- 22. Lewis C, Skovierova H, Rowley G, Rezuchova B, Homerova D, et al. (2009) Salmonella enterica Serovar Typhimurium HtrA: regulation of expression and role of the chaperone and protease activities during infection. Microbiology 155: 873–881. doi: 10.1099/mic.0.023754-0
- 23. Mo E, Peters SE, Willers C, Maskell DJ, Charles IG (2006) Single, double and triple mutants of Salmonella enterica serovar Typhimurium degP (htrA), degQ (hhoA) and degS (hhoB) have diverse phenotypes on exposure to elevated temperature and their growth in vivo is attenuated to different extents. Microb Pathog 41: 174–182. doi: 10.1016/j.micpath.2006.07.004
- 24. Raivio TL (2005) Envelope stress responses and Gram-negative bacterial pathogenesis. Mol Microbiol 56: 1119–1128. doi: 10.1111/j.1365-2958.2005.04625.x
- 25. Wilson RL, Brown LL, Kirkwood-Watts D, Warren TK, Lund SA, et al. (2006) Listeria monocytogenes 10403S HtrA is necessary for resistance to cellular stress and virulence. Infect Immun 74: 765–768. doi: 10.1128/iai.74.1.765-768.2006
- 26. Zhang WW, Sun K, Cheng S, Sun L (2008) Characterization of DegQVh, a serine protease and a protective immunogen from a pathogenic Vibrio harveyi strain. Appl Environ Microbiol 74: 6254–6262. doi: 10.1128/aem.00109-08
- 27. Chatterjee R, Chaudhuri K, Chaudhuri P (2008) On detection and assessment of statistical significance of Genomic Islands. BMC Genomics 9: 150. doi: 10.1186/1471-2164-9-150
- 28. Faruque SM, Mekalanos JJ (2003) Pathogenicity islands and phages in Vibrio cholerae evolution. Trends Microbiol 11: 505–510. doi: 10.1016/j.tim.2003.09.003
- 29. Murphy RA, Boyd EF (2008) Three pathogenicity islands of Vibrio cholerae can excise from the chromosome and form circular intermediates. J Bacteriol 190: 636–647. doi: 10.1128/jb.00562-07
- 30. O'Shea YA, Finnan S, Reen FJ, Morrissey JP, O'Gara F, et al. (2004) The Vibrio seventh pandemic island-II is a 26.9 kb genomic island present in Vibrio cholerae El Tor and O139 serogroup isolates that shows homology to a 43.4 kb genomic island in V. vulnificus. Microbiology 150: 4053–4063. doi: 10.1099/mic.0.27172-0
- 31. Garg A, Bhasin M, Raghava GP (2005) Support vector machine-based method for subcellular localization of human proteins using amino acid compositions, their order, and similarity search. J Biol Chem 280: 14427–14432. doi: 10.1074/jbc.m411789200
- 32. Yu CS, Chen YC, Lu CH, Hwang JK (2006) Prediction of protein subcellular localization. Proteins 64: 643–651. doi: 10.1002/prot.21018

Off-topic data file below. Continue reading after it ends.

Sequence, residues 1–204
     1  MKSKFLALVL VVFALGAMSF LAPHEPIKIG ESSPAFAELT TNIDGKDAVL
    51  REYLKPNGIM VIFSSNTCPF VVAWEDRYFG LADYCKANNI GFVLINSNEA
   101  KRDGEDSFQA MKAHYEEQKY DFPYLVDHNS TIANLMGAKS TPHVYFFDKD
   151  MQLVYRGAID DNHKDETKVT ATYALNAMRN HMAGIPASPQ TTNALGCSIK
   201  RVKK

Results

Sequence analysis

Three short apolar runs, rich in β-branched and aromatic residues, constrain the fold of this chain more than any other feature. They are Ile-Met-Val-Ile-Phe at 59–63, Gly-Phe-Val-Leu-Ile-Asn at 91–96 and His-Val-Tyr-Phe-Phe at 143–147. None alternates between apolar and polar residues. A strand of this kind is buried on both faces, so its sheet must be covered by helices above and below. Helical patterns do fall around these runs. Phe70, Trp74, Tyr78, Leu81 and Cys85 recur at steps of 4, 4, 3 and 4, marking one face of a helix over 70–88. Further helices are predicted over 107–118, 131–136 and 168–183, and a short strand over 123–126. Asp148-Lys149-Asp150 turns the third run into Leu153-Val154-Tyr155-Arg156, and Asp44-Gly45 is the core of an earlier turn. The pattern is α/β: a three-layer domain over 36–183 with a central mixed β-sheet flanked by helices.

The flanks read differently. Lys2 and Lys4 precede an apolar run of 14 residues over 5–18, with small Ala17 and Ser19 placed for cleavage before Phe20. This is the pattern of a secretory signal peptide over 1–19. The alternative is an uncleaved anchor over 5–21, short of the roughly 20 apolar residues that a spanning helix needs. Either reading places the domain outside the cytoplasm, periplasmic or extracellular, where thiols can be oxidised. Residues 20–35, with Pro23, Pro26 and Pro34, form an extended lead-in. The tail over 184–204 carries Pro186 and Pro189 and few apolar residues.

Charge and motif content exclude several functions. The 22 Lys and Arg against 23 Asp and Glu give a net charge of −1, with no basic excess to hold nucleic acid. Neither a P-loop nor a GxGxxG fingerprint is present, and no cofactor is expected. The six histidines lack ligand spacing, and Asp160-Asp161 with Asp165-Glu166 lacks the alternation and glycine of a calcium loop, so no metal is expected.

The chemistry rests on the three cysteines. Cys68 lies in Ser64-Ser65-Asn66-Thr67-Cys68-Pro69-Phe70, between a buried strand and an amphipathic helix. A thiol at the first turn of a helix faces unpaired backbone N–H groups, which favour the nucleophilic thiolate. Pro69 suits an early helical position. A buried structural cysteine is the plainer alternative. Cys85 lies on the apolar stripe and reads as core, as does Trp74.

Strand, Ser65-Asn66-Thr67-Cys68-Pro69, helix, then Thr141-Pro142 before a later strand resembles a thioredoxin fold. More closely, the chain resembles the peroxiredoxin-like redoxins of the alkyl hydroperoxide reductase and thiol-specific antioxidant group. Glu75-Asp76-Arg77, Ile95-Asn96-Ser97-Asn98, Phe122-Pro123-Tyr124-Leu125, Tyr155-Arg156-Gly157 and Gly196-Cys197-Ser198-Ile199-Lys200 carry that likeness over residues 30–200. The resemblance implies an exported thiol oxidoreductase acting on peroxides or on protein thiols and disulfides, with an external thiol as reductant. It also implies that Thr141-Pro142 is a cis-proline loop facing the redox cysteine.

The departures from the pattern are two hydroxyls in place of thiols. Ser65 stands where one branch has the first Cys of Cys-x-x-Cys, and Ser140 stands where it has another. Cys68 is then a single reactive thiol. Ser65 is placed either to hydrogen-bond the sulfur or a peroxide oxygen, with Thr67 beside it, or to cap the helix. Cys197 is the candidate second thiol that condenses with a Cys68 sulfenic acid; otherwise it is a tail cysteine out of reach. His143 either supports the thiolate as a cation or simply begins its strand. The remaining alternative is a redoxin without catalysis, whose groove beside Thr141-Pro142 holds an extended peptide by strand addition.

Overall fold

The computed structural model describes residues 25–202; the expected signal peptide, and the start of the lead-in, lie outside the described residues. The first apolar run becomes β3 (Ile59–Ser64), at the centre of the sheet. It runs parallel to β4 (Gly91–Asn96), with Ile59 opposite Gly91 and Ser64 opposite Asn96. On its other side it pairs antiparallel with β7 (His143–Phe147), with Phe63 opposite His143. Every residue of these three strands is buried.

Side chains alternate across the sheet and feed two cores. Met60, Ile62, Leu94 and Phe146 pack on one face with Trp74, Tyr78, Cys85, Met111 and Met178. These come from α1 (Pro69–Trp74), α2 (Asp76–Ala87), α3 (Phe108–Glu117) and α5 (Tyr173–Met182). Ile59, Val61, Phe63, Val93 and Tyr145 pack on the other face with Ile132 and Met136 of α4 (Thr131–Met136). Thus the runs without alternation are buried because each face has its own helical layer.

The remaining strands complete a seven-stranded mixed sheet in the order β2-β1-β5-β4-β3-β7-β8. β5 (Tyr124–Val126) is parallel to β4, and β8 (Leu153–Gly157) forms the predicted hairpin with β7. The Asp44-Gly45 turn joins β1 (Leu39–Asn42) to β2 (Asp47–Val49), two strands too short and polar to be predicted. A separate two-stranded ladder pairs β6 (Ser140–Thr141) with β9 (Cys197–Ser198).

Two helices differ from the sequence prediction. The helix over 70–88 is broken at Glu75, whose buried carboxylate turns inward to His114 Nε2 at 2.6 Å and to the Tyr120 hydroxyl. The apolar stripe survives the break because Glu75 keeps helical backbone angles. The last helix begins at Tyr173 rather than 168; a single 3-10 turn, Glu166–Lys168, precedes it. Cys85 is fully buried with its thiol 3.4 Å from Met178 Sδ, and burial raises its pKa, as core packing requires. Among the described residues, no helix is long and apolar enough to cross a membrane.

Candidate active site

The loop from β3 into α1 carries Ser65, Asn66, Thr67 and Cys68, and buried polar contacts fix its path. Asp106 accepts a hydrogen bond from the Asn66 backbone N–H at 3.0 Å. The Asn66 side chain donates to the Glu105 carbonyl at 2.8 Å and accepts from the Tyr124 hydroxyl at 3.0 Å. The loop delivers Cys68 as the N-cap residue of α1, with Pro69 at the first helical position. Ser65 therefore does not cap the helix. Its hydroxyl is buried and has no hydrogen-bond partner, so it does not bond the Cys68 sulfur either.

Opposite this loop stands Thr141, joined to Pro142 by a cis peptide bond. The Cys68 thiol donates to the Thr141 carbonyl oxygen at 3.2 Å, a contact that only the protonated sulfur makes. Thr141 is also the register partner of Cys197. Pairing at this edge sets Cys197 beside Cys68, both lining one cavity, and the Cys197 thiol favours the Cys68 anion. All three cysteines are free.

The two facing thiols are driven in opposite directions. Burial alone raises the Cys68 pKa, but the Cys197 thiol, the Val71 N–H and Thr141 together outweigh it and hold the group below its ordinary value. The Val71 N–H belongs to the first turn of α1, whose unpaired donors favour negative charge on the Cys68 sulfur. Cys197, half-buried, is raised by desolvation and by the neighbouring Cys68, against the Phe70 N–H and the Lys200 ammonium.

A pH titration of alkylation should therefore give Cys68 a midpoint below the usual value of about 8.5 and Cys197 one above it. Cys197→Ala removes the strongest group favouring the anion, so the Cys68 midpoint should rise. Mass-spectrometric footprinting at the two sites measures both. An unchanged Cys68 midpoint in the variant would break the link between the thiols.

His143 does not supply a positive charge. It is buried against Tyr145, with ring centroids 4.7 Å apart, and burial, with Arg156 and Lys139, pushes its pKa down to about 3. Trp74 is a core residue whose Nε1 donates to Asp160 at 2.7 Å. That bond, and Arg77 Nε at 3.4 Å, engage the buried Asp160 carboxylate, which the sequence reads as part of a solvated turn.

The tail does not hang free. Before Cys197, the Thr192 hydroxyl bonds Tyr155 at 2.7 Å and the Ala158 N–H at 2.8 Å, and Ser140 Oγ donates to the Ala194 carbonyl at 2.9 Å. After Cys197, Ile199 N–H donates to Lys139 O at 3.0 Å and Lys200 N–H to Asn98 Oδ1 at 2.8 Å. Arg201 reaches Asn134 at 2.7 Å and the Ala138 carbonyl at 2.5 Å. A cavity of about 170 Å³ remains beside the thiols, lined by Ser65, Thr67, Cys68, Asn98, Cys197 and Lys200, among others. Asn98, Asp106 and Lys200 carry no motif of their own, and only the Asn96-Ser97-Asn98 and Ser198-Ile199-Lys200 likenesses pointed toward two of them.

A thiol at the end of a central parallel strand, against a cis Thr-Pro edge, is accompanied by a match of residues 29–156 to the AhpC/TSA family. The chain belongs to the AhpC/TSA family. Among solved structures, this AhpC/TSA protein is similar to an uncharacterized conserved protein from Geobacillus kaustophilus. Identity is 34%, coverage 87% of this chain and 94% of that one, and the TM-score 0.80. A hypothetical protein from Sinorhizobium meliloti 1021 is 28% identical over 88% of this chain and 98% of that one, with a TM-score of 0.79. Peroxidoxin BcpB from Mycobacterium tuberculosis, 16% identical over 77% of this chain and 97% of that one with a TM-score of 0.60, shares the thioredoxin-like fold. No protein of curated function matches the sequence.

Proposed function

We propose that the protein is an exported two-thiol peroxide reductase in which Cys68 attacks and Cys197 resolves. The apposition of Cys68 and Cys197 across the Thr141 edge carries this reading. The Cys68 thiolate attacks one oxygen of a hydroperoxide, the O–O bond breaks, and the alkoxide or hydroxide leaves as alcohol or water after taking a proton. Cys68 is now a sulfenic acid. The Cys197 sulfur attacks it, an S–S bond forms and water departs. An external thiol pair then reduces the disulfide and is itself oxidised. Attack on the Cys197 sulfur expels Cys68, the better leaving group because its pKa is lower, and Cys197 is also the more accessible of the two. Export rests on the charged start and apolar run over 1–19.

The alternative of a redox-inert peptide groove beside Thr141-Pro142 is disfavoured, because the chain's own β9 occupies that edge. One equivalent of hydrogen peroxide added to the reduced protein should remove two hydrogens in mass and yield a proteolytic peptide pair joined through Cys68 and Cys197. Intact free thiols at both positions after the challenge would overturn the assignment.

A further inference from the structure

- 33. Yu CS, Lin CJ, Hwang JK (2004) Predicting subcellular localization of proteins for Gram-negative bacteria by support vector machines based on n-peptide compositions. Protein Sci 13: 1402–1406. doi: 10.1110/ps.03479604
- 34. Hua S, Sun Z (2001) Support vector machine approach for protein subcellular localization prediction. Bioinformatics 17: 721–728. doi: 10.1093/bioinformatics/17.8.721
- 35. Eswar N, John B, Mirkovic N, Fiser A, Ilyin VA, et al. (2003) Tools for comparative protein structure modeling and analysis. Nucleic Acids Res 31: 3375–3380. doi: 10.1093/nar/gkg543
- 36. Sali A, Blundell TL (1993) Comparative protein modelling by satisfaction of spatial restraints. J Mol Biol 234: 779–815. doi: 10.1006/jmbi.1993.1626
- 37. Shen MY, Sali A (2006) Statistical potential for assessment and prediction of protein structures. Protein Sci 15: 2507–2524. doi: 10.1110/ps.062416606
- 38. van Gunsteren WF, Billeter SR, Eising A, Hünenberger PH, Krüger P, et al.. (1996) Biomolecular Simulations: The GROMOS 96 Manual and User Guide. Zürich: Verlag der Fachvereine Hochschulverlag AG an der ETH Zurich.
- 39. Guex N, Peitsch MC (1997) SWISS-MODEL and the Swiss-PdbViewer: an environment for comparative protein modeling. Electrophoresis 18: 2714–2723. doi: 10.1002/elps.1150181505
- 40. Ko J, Lee D, Park H, Coutsias EA, Lee J, et al. (2011) The FALC-Loop web server for protein loop modeling. Nucleic Acids Res 39: W210–214. doi: 10.1093/nar/gkr352
- 41. Lee J, Lee D, Park H, Coutsias EA, Seok C (2010) Protein loop modeling by using fragment assembly and analytical loop closure. Proteins 78: 3428–3436. doi: 10.1002/prot.22849
- 42. Laskowski RA, MacArthur MW, Moss DS, Thornton JM (1993) PROCHECK - a program to check the stereochemical quality of protein structures. J App Cryst 26: 283–291. doi: 10.1107/s0021889892009944
- 43. Zhang Y, Skolnick J (2005) TM-align: a protein structure alignment algorithm based on the TM-score. Nucleic Acids Res 33: 2302–2309. doi: 10.1093/nar/gki524
- 44. Ritchie DW, Kemp GJ (2000) Protein docking using spherical polar Fourier correlations. Proteins 39: 178–194. doi: 10.1002/(sici)1097-0134(20000501)39:2<178::aid-prot8>3.0.co;2-6
- 45. Jiang J, Zhang X, Chen Y, Wu Y, Zhou ZH, et al. (2008) Activation of DegP chaperone-protease via formation of large cage-like oligomers upon binding to substrate proteins. Proc Natl Acad Sci U S A 105: 11939–11944. doi: 10.1073/pnas.0805464105
- 46. Krojer T, Garrido-Franco M, Huber R, Ehrmann M, Clausen T (2002) Crystal structure of DegP (HtrA) reveals a new protease-chaperone machine. Nature 416: 455–459. doi: 10.1038/416455a
- 47. Krojer T, Sawa J, Huber R, Clausen T (2010) HtrA proteases have a conserved activation mechanism that can be triggered by distinct molecular cues. Nat Struct Mol Biol 17: 844–852. doi: 10.1038/nsmb.1840
- 48. Krojer T, Sawa J, Schafer E, Saibil HR, Ehrmann M, et al. (2008) Structural basis for the regulated protease and chaperone function of DegP. Nature 453: 885–890. doi: 10.1038/nature07004
- 49. Hasselblatt H, Kurzbauer R, Wilken C, Krojer T, Sawa J, et al. (2007) Regulation of the sigmaE stress response by DegS: how the PDZ domain keeps the protease inactive in the resting state and allows integration of different OMP-derived stress signals upon folding stress. Genes Dev 21: 2659–2670. doi: 10.1101/gad.445307